The Pleats of Matter (2005-07)
for electric guitar with three outputs (electromagnetic pick-up/piezo pick-up/condenser microphone) and digital/analog processing
“Matter thus offers an infinitely porous, spongy, or cavernous texture without emptiness, caverns endlessly contained in other caverns: no matter how small, each body contains a world pierced with irregular passages, surrounded and penetrated by an increasingly vaporous fluid, the totality of the universe resembling a ‘pond of matter in which there exist different flows and waves.’” - Gilles Deleuze, The Fold
The Pleats of Matter (2005-2007), which takes its title from the first chapter of Deleuze’s The Fold (an investigation of the Baroque, Leibniz, and the monad), is a work that explores the nature of folds, bends, and pleats, and their concomitant implications of surplus, enveloping, collapsing, and obfuscation. It is a work in which overflowing trajectories of material and process collide, overlap, collapse, and slide, where strata melt and rupture and deform, and where form and shape are only the final byproduct of lines folding into one another, of shapes subsumed by other shapes, of forms twisted within other forms.
“Matter that reveals its texture becomes raw material, just as form that reveals its folds becomes force. In the Baroque the coupling of material-force is what replaces matter and form.” … “Perhaps only at the limit does texture become most evident, before rupture or tearing, when stretching, no longer being opposed to the fold, now expresses it in its pure state…. The way a material is folded is what constitutes its texture.”
The guitar itself, or at least the physical, sound-producing manipulation of the instrument, is a folding: the interaction between finger and string and fret, the bending and wrapping of strings with the nut and bridge and tuning pegs, the folding and slackening from the tremolo bar …. In this work, these folds are all made independent, not so much layered as merely simultaneous. The two hands traverse the fretboard independently, freed from their conventional roles and geographies. Either hand might at any moment be plucking, strumming, depressing a string, scraping, sliding, or bending, and moreover, these actions are as likely to appear behind or above an already-depressed fret as below. Joining this interface between finger and fret and string are the actions of the tremolo bar, itself bent and folded by both hands and the occasional elbow, two footpedals that bend and shape and twist pitch and timbre, and a further array of amplification and processing modifications on two additional electronic strands.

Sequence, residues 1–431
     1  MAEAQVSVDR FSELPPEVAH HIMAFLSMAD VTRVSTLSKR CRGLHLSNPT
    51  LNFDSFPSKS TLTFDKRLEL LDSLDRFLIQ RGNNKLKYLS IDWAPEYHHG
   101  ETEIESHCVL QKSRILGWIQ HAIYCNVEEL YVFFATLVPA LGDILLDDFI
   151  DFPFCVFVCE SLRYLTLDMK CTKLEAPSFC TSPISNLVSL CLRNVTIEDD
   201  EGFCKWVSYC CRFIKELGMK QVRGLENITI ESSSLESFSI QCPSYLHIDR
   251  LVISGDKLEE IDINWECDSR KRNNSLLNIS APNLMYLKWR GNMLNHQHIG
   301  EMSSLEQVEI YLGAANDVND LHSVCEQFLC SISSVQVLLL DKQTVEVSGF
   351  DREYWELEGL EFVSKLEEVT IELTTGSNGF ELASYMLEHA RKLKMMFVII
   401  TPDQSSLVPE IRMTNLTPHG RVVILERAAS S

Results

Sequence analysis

“The multiple is not only what has many parts but also what is folded in many ways.”
The electric guitar, perhaps more than any other instrument, involves a massive chasm between the physical process of sound production and the actual sounding result. The instrument includes the ability to separate thoroughly the physical from the aural, with sound distorted and refracted and disembodied through any number of layers of electronic manipulation. This work aims first to push the lacunae of this separation to their limits, and second to envelop and embrace these gaps as being part of the essential and fundamental character of the instrument. An extensive and wildly indeterminate scordatura is employed (the work is written in an extended tablature notation throughout), and, while the (physical) motions of the various effects pedals and amplification levels and patch changes are notated in detail, the actual sonic character of the effects patches themselves are left open and unspecified. Thus, while the physical component of the work is entirely repeatable and vaguely predictable, the sonic and timbral component is open to dramatic and indeterminate variation from performance to performance and from performer to performer.
“… a flexible or an elastic body still has cohering parts that form a fold, such that they are not separated into parts of parts but are rather divided to infinity in smaller and smaller folds that always retain a certain cohesion. Thus a continuous labyrinth is not a line dissolving into independent points, as flowing sand might dissolve into grains, but resembles a sheet of paper divided into infinite folds or separated into bending movements, each one determined by the consistent or conspiring surroundings.”
The title of the work, too, is a deferential and not particularly veiled reference to Richard Barrett’s Dark Matter, or, more specifically, to transmission, the work for electric guitar and live electronics that forms the crucial central thread of the larger work. It was impossible, in writing an electric guitar piece for Daryl Buckley, to avoid acknowledging the influence that Richard’s music and ideas (not least in Dark Matter, a work for which I hold unmitigated enthusiasm) have had on my work over the last decade. transmission casts a particularly long shadow, and, to mix metaphors, raises the bar for the instrument’s repertoire very high indeed. The challenge of writing in that shadow has been frightening and exhilarating.
The work is dedicated in friendship and thanks to Daryl Buckley.